But let’s think about poetry for a little bit. Poetry is a different way of communicating, a different way of thinking. Prose is powerful because it is linear, because it can lay out an argument and prove it. But poetry has other powers, powers of persuasion that appeal to a different part of our beings. Vladimir Jankelevitch helps us think about the uses of poetry (and music) by contrasting them with the linear, scientific ways of prose: “One would criticize a mathematician or a civil code for saying the same thing twice when saying it once is sufficient. But one does not reproach a Psalmist for repeating himself—because he aims to create religious obsession in us and not develop ideas.”

The Shirah, the Poem-Song of the Sea, does not speak in straight lines. It is built on repetitions and cadences, it is sung to a special tune. Its purpose is not to make a point through logic, but to arouse our passion and speak to our imagination. Foreshadowing the midrash on Revelation we will read next week, the midrash this week memorably states that, at the Sea, a handmaiden saw more than the  prophet Ezekiel. The experience of salvation was prophetic; it was not logical. And so its expression is in poetry and song, not in the linear forms of prose.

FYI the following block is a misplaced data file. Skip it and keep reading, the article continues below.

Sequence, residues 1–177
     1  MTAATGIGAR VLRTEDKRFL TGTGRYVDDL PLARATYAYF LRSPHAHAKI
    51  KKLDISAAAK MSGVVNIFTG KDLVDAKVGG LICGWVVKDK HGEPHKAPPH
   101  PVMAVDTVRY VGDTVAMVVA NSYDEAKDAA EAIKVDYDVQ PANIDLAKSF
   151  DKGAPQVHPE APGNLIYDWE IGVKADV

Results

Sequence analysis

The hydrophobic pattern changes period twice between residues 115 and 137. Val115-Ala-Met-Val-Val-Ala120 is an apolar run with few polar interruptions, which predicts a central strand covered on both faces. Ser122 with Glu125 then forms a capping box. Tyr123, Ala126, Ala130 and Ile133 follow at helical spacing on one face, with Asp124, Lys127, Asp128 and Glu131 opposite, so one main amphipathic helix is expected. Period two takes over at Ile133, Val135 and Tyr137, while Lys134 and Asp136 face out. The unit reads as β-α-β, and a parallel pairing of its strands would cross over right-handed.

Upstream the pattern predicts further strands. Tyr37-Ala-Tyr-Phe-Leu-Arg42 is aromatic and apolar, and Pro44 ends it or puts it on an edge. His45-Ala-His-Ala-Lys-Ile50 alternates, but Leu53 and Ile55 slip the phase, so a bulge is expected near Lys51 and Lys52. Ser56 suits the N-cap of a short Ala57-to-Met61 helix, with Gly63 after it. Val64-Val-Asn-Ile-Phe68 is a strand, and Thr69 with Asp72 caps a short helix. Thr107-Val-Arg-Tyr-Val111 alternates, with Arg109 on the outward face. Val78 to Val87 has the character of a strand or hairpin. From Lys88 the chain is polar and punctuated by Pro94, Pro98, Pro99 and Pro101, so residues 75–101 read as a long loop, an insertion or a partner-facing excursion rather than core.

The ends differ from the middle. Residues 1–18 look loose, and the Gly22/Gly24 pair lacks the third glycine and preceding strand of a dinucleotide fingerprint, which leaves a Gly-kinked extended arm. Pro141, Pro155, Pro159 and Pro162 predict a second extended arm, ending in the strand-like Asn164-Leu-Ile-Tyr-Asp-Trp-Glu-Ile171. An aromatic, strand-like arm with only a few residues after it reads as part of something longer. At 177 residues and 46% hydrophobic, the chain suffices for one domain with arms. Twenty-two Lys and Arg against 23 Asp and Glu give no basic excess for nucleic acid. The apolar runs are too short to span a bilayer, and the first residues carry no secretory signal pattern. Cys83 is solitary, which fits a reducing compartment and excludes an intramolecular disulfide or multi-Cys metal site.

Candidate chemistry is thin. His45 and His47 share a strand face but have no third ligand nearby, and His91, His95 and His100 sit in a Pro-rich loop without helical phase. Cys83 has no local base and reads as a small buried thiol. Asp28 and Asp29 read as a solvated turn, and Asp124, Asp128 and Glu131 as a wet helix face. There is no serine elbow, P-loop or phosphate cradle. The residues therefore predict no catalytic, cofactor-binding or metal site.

Poetry is something of a lost and misunderstood world for most Americans these days. Even in our Torah learning, we look for historical, scientific, rational explanations, and we can feel a bit displaced (or even freak out) when the understandings we explore do not jibe with the rules of science. But to try to explain miracles like the Splitting of the Sea according to science is missing the point; it is using the wrong language.

Parker Palmer writes that the inner truth of the heart “is not well-served by the language of science, social science, or management theory. Inner truth is best conveyed by the language of the heart, of image and metaphor, of poetry, and it is best understood by people for whom poetry is a second language.” What is poetry, he asks, “if not, among other things, an instrument that helps us take readings of our own hearts?”